A few points worth reading when it comes to China and its currency. Via Voxeu.
As China becomes ever more important in the global economy, will its currency take on an international role? This column argues that in some sense, this is already happening – an increasing number of emerging-market currencies seem to track (co-move with) the renminbi – and the trend is set to continue.
The staggering economic rise of China in the last three decades leads to the question of the potential internationalisation of its currency, the renminbi (RMB). Internationalisation has different dimensions. An international currency is widely used in financial and trade transactions, and crucially it is used as a store of value. Some, like Eichengreen (2011) and Frankel (2011) see a potential global role for the RMB, provided important ancillary reforms to the domestic financial system and to the financial account first take place. In Eclipse, one of us projected that such a shift might happen in less than two decades (Subramanian 2011).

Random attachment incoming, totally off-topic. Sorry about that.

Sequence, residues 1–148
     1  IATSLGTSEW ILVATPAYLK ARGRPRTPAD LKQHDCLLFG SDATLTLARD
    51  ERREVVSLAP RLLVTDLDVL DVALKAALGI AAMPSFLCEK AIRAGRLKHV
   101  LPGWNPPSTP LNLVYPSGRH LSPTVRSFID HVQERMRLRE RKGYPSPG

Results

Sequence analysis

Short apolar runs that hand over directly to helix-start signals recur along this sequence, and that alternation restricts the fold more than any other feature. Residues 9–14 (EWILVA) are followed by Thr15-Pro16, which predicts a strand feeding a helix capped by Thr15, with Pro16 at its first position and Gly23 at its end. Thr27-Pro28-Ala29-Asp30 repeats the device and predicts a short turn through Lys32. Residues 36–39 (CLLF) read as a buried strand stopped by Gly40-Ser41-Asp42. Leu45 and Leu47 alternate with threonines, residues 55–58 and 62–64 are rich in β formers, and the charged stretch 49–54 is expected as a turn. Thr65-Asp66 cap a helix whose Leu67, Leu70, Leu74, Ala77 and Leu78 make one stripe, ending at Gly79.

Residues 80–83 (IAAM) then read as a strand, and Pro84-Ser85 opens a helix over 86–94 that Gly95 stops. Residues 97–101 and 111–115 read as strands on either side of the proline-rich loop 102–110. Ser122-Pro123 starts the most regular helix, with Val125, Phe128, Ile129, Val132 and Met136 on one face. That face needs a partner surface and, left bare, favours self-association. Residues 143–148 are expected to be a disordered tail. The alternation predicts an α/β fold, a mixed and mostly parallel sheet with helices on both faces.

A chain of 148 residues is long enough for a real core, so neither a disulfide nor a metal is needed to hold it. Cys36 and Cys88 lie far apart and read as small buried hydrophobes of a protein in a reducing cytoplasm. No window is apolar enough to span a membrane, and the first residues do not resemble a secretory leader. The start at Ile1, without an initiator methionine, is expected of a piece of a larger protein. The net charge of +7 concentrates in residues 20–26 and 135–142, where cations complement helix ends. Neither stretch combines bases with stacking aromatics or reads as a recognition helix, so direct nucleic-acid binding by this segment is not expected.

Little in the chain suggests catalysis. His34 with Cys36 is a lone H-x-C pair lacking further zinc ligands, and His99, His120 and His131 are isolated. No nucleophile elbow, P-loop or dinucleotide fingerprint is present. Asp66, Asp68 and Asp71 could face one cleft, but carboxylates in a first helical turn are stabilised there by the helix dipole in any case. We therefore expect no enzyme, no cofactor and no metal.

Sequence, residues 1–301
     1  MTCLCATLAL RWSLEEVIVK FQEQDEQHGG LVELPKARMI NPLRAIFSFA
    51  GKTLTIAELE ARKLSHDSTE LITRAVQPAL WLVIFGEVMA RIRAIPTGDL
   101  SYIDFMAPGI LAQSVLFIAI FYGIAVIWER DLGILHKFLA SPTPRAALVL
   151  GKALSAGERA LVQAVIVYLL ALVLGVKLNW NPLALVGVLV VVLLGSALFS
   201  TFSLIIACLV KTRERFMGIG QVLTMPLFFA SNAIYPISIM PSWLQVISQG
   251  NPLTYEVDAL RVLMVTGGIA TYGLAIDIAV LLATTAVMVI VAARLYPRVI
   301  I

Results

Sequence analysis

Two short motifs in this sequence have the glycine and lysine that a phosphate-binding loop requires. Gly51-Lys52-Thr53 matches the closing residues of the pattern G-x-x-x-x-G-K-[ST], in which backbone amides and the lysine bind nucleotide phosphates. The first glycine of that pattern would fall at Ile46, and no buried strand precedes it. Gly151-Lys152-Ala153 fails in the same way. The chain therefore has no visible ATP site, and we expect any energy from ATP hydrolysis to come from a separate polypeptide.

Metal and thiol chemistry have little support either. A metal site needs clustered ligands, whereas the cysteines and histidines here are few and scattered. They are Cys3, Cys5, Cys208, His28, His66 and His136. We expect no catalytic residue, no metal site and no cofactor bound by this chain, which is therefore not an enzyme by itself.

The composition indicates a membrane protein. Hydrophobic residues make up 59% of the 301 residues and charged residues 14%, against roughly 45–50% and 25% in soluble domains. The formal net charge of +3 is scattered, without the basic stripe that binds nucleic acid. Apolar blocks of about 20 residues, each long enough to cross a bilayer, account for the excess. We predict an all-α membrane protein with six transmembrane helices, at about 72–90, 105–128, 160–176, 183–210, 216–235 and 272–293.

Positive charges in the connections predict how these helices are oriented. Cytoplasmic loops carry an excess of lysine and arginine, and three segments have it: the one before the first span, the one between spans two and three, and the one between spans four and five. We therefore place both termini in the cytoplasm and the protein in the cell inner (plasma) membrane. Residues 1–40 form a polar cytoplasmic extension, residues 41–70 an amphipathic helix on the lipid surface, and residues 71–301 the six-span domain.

The rise of China surely ranks among the most important world developments of the last 100 years. With America still trapped in its fifth year of economic hardship, and the Chinese economy poised to surpass our own before the end of this decade, China looms very large on the horizon. We are living in the early years of what journalists once dubbed “The Pacific Century,” yet there are worrisome signs it may instead become known as “The Chinese Century.”
But does the Chinese giant have feet of clay? In a recently published book, Why Nations Fail, economists Daron Acemoglu and James A. Robinson characterize China’s ruling elites as “extractive”—parasitic and corrupt—and predict that Chinese economic growth will soon falter and decline, while America’s “inclusive” governing institutions have taken us from strength to strength. They argue that a country governed as a one-party state, without the free media or checks and balances of our own democratic system, cannot long prosper in the modern world. The glowing tributes this book has received from a vast array of America’s most prominent public intellectuals, including six Nobel laureates in economics, testifies to the widespread popularity of this optimistic message.
Yet do the facts about China and America really warrant this conclusion?